Training Tomorrow's Third World Leaders

The Kennedy School's Mason Fellows Program for Developing Countries

"Mister, please, Excuse me sir. You must pay me more." The rug salesman is near pleading on his knees, or at least he pretends he will go that far. "I have babies at home. You must pay me more."

John W. Thomas is only slightly moved by the display. He names his price, saying he can pay no more. After already unrolling several of his most choice products ("this is Berber wool, made by Berber women in the mountains, it is not manufactured") the salesman knows this customer means business. "You kill me," he says giving in, and takes Thomas' money, thanking him profusely.

Thomas, lecturer in public policy at the Kennedy School of Government and a Fellow at the Harvard Institute for International Development, had just utilized the revised version of Ury and Fisher's "Getting to Yes" negotiations strategy known as the Thomas-Evriviades technique, one of many such strageties put into practice during the annual field trip for the Mason Fellows Program in Public Policy and Management, which last month, took the group to Morocco. The trip was planned to give Fellows, who come from developing countries from around the world to study at the K-School, a chance to put into practice some of the analytical tools they learned during the year.

The Mason Fellows Program, now in its 27th year functions within the K-School's one-year mid career curriculum. The group of approximately 50 makes up one-third of the Masters in Public Administration class. Officials with a variety of professional backgrounds from developing countries come to the K-School to learn administrative techniques they will use as future leaders in the Third World Founded in 1957 by Edward S. Mason, Lamont University Professor Emeritus and former dean of Harvard's then Graduate School of Public Administration, the program has attracted some of the highest level officials in the Third World today.

As part of their academic training the Fellows visited Rabat, Casablanca and Marrakech in Morocco, taking some time for sightseeing, but mainly studying agricultural projects, a housing development site and textile plants. The week also included seminars with government officials from the Ministry of Tourism and an economic planning institute, as well as welcoming functions at the Moroccan and United States embassies.


Now in the heart of their last academic push before final exams end their one year of study at Harvard, the Mason Fellows have expressed some criticism of their time at Harvard, although most say the year has been worthwhile. The field trip to Morocco was but one of the problems with the Mason Program, some say, adding that the trip could even have been eliminated since its educational value was limited. Many Masons interviewed asked not to be named because of political reasons.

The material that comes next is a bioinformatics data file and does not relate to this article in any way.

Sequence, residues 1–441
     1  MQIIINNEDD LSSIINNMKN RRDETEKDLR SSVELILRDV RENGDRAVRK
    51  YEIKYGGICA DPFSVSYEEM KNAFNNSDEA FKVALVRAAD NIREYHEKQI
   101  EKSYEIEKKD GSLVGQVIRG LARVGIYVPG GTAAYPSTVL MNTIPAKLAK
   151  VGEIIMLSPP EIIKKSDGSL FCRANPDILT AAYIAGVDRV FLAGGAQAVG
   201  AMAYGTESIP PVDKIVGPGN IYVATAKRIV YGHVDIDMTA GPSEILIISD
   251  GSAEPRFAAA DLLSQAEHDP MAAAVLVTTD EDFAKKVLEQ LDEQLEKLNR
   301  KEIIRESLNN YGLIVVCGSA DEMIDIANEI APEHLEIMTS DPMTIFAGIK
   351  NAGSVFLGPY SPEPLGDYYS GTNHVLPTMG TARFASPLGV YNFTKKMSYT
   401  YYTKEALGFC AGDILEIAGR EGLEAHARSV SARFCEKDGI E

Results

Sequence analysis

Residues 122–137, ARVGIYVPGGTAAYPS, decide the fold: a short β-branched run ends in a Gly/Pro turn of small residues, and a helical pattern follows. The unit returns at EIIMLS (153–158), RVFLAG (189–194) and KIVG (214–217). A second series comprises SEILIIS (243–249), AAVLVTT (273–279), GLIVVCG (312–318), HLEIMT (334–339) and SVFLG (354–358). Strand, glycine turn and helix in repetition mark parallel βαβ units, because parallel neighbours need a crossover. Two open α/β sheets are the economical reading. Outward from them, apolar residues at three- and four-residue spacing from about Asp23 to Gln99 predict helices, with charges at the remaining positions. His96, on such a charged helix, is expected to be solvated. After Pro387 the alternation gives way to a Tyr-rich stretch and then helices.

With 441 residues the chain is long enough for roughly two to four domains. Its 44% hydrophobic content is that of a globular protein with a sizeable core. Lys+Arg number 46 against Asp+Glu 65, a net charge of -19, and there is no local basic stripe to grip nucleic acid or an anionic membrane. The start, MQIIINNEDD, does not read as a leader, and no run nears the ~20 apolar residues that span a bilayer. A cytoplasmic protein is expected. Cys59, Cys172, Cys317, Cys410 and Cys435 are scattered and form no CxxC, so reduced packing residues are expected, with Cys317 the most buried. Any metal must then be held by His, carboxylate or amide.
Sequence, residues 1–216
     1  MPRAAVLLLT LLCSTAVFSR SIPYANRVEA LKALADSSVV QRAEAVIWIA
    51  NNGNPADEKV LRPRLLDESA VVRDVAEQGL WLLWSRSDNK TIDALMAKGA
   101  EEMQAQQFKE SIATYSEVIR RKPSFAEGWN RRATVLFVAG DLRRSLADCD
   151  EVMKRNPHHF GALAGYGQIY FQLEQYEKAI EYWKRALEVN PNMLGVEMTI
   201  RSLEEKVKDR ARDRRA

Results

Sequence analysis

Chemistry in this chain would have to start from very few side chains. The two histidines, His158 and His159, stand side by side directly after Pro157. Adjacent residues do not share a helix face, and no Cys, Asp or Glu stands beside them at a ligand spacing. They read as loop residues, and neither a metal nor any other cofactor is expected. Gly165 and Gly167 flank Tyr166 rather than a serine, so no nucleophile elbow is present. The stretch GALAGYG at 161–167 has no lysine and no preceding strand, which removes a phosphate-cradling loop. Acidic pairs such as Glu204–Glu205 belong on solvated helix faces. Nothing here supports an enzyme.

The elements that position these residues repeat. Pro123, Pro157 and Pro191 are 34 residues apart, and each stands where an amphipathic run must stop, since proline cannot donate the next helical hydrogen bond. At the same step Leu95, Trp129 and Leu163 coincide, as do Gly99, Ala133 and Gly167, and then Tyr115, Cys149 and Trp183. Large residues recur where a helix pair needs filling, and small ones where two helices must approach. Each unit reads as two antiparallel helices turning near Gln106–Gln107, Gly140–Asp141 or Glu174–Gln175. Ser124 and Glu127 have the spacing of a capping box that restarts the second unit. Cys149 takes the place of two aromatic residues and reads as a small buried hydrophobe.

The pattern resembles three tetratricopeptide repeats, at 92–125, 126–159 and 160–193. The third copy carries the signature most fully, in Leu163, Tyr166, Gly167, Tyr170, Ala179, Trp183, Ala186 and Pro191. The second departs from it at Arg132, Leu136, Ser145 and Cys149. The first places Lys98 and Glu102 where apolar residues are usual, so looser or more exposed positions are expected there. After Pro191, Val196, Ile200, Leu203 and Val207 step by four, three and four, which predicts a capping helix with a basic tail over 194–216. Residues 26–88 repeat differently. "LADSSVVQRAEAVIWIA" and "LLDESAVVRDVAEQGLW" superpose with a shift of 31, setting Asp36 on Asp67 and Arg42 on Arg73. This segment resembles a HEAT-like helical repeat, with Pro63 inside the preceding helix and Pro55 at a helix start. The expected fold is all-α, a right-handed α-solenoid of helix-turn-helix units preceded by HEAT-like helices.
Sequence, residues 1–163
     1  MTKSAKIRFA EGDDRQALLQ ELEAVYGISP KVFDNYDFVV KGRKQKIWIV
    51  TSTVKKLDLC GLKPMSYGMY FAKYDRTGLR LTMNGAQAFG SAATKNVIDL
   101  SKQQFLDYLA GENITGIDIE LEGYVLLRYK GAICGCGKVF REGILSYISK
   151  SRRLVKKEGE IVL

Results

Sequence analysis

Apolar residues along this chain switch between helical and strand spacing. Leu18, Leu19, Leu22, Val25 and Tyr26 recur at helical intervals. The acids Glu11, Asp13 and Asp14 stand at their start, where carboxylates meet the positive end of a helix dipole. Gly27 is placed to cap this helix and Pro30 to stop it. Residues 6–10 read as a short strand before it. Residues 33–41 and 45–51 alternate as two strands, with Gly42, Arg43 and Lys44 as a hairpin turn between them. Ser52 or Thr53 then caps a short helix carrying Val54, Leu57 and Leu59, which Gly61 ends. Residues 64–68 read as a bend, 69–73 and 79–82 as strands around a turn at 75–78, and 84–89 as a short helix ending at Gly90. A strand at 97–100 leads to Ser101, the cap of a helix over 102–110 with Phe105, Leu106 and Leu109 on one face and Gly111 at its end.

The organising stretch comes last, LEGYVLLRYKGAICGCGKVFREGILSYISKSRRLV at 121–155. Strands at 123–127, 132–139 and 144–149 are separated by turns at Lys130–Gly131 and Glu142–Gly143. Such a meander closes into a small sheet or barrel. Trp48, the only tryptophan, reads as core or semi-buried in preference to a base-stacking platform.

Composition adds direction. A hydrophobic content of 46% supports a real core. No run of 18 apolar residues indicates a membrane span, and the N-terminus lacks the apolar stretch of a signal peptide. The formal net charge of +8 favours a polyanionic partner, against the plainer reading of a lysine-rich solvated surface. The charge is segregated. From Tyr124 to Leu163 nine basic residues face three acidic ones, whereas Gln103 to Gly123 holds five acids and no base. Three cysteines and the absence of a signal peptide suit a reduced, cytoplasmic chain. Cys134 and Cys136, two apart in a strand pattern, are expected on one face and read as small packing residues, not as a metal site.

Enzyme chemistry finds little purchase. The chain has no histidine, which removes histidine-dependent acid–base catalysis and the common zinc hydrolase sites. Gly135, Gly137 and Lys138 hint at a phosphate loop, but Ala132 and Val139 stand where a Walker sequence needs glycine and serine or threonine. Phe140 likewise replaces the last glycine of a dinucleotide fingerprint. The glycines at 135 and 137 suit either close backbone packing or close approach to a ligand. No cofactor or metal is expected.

After a delayed arrival into Casablanca, the group was whisked onto a Flag Tour bus. With only a few hours to recover from jetlag, the group was bussed to Rabat.

Most sightseeing in Rabat and the other Moroccan cities was done from the tour bus, with some opportunity for walking around the first and second days, giving the trip a tourist atmosphere.

The cities and Medinas constantly teeming with people during the weekend gave the impression of a world far removed from the fast pace of Cambridge. A visit to Volubilis, the site of ancient Roman ruins and Meknes, an ancient city within the modern world, gave the visitors a sense of Morocco's history and Islamic culture, and some perspectives of a people conquered and integrated into so many other cultures. One of the Latin Americans was surprised to find that their architecture was heavily influenced by the Arab world, while one Fellow felt ashamed because the Romans had managed to develop a sewage system which his own country does not yet have.

It was on the second day that the Thomas-Evridiades negotiation strategy was first suggested. "If we are going to get bargains, we have to work together. We will have to negotiate carefully," said Euripedes L. Evriviades, who had brought his "Getting to Yes" text along for negotiations study, explaining that he and Thomas had formulated a new method. Realizing that shop owners would inevitably escalate prices for tourists, the group developed a strategy that evolved into a four step procedure:

*Working in teams of three or four the group enters the store, begins vigorously browsing so that the storeowner must divide his attention among the shoppers.

*When one of the members has recognized a product he would definitely like to purchase, the group briefly huddles together to establish negotiations procedure, then 'pricing' begins.

*After pricing to a point where the merchant is unwilling to come down to the group's price, they walk out, planning to return often claiming. "I can get this anywhere in the Medina," or a similar phrase of disinterest.

*After trying the same thing in other stores, the group returns, begins pricing again, then employs another group member to signal that 'the bus is leaving,' forcing the sale.

Although some incidents of failed negotiations occurred when the store owner knew English or when someone because so caught in the negotiations procedure that they purchased an item they actually did not want to buy bazaars provided an interesting opportunity to apply skills learned in class.